The Gettysburg movie is not entirely accurate historically. Colonel Chamberlain did not \”hold his own\”. At Little Round Top, the fighting started at Devils Den on July 2nd. Union forces retreated across a wheat field and peach orchard. They stopped at Little Round Top where Colonel chamberlain held off Confederate forces.
The movie gave a detailed depiction of three days worth of war, but in between the fighting, it showed the daily problems of Generals and how they dealt with the frustration. General Longstreet did not believe he was going to succeed in taking the Union ground. He knew he would have a better chance if he had more time and space between armies. Longstreet took up his case with Lee, but General Lee had other ideas. Longstreet coped by obeying orders. Robert E. Lee had to beat the odds of being outnumbered, outgunned, and downhill from his enemy. Although ultimately, he was unable to overcome, he did manage to push back to Union to Cemetery Ridge by relentless attacking.
Colonel Chamberlain was sent one hundred soldier prisoners. These soldiers had been through eleven engagements and only two years. They had seen enough war to last two lifetimes but were required to fight for another year. They were brought to Colonel chamberlain with broken spirits by gunpoint.
Chamberlain was told he could shoot them if they became a nuisance. They were unwilling to fight and Chamberlain knew it, so he fed them to make them happy. Then when they were full, he gave a long, persuasive, and dramatic speech about war. He gave them two options, the easy way out with \”probably no punishment\”, or one last fight with honor. All but six joined the fight.
Colonel Chamberlain was one of the noblest Generals in the movie. He was portrayed as a real-life hero, aggressive enough to lead his army to victory, yet humble enough to nourish an escaped slave. It was during his battle at Little Round Top that my imagination was captured. Colonel Chamberlain was stationed with his brigade on Little Round Top, which is a steep hill, pressed in a forest. They were positioned strategically behind a wall of logs and rocks that stretched a good three hundred yards. He knew if his ground was compromised the entire Potomac army would be in jeopardy. The Confederates attacked three times and the third was a mutual bayonet charge. Chamberlain emerged victoriously.
After Getttysburg, Colonel Chamberlain was injured six times and later rose to the rank of Major General, due to his victory at Little Round Top. Chamberlain also received the Congressional Medal of Honor and was elected Governor of Main four times in a row. (Movie)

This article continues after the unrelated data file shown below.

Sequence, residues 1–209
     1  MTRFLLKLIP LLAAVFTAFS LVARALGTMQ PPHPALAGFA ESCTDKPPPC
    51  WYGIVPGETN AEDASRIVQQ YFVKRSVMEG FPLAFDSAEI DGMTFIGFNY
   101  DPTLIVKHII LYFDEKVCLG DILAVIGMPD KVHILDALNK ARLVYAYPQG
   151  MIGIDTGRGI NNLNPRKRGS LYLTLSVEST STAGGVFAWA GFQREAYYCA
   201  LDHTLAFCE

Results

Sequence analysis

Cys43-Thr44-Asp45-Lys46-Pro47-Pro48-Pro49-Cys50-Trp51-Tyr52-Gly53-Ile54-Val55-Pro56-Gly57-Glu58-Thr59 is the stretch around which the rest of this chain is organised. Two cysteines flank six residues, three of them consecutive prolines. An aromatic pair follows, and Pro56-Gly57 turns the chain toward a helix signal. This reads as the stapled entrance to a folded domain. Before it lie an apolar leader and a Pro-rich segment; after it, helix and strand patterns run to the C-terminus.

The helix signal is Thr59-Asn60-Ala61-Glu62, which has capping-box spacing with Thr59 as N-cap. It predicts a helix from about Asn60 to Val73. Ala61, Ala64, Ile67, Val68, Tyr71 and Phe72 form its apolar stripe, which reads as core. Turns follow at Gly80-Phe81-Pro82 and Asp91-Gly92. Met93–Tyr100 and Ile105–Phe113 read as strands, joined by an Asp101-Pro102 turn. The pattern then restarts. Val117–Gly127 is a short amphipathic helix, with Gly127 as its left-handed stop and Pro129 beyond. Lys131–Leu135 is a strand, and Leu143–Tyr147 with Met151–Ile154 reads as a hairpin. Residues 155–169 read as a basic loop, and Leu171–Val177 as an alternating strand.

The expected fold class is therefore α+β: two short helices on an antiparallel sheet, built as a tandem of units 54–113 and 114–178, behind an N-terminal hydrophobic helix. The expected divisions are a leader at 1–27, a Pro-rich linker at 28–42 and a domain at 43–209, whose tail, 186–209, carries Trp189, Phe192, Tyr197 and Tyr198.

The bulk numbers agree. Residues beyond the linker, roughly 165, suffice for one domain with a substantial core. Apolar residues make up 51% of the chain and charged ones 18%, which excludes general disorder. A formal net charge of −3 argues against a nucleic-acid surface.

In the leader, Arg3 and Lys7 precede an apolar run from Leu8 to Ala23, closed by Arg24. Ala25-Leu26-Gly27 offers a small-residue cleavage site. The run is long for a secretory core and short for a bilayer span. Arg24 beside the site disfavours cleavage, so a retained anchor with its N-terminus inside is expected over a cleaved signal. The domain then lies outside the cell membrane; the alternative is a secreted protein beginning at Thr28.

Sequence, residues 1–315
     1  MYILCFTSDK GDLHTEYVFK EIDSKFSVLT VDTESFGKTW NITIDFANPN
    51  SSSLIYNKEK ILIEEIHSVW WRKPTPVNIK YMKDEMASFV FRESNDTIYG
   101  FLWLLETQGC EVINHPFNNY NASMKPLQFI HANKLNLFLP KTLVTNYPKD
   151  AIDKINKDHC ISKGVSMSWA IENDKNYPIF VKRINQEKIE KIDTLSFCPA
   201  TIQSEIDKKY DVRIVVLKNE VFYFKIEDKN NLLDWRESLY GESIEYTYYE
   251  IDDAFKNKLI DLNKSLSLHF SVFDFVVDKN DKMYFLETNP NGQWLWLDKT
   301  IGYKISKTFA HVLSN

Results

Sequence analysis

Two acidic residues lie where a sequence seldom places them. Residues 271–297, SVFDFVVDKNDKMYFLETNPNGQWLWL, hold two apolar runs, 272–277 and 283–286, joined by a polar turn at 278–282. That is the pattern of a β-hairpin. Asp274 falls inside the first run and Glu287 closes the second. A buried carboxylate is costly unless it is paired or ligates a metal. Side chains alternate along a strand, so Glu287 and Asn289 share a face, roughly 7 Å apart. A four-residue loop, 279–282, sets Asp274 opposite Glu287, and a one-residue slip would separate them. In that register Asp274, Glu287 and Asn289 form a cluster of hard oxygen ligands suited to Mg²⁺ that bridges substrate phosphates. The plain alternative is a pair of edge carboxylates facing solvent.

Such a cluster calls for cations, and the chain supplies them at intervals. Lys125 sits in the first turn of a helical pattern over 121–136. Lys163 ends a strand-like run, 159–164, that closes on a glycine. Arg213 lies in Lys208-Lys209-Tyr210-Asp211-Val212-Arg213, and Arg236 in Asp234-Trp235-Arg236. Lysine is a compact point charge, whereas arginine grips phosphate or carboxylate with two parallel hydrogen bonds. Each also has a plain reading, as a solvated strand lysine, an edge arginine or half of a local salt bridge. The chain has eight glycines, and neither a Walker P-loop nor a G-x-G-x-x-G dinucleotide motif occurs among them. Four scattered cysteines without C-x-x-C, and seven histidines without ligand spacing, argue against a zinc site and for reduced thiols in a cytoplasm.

Watching the movie, Gettysburg, not only gave me a better understanding of history but a better understanding of people in general as well as myself. After watching the movie and doing the research, I realized many Irish people fought in the war. This was probably because the Irish had just immigrated and were still considered the minority. Since I am of Irish descent, it is reasonable to assume that my ancestors were in the war and if this is correct, it is also reasonable to assume my ancestors either survived the civil war or had families at a young age before joining the war effort.
The movie gave me historical insight into the war tactics of Old American infantry. I was completely amazed at the lack of strategy in the movie Gettysburg. The Potomac and Virginian armies seemed unskilled in combat. They simply and ignorantly walked straight into the face of the enemy to get shot. Considering their methods of attack, it would only be logical to assume that the North would win, due to their larger numbers.
The North outnumbered the South, 90,000 to 75,000, and the union was occupying a smaller area of land. (432 Brinkley) The movie also gave me historical insight as to the hardships of a nation having a war with itself. The brother against brother and friend against friend mentally made fighting even harder. In one particular instance, General Amistead who was leading his Confederate brigade up the slope during Pickett’s charge was shot on the Union line. Instantly he was noticed by Colonel Chamberlain\’s brother Thomas, who instead of killing Armistead, helped him lay down to ease his pain. General Amistead was good friends with Hancock a Union General. Armistead requested to speak with Hancock, but Thomas Chamberlain informed him that Hancock had also been shot. Upon hearing this, Amistead was greatly saddened. Union soldiers then carried Amistead to a field hospital where he died two days later. Hancock survived the wound at Gettysburg and went on to run for the Presidency on the Democratic ticket in 1880.
All in all the war seemed to me senseless, the Confederate and Federal Generals knew this and wore it on their faces, constantly giving orders and pulling triggers in vain. A prime example would be Longstreets following orders in the midst of doubt. The movie was very well made; it showed the harsh realities of war and the great simplicity of life.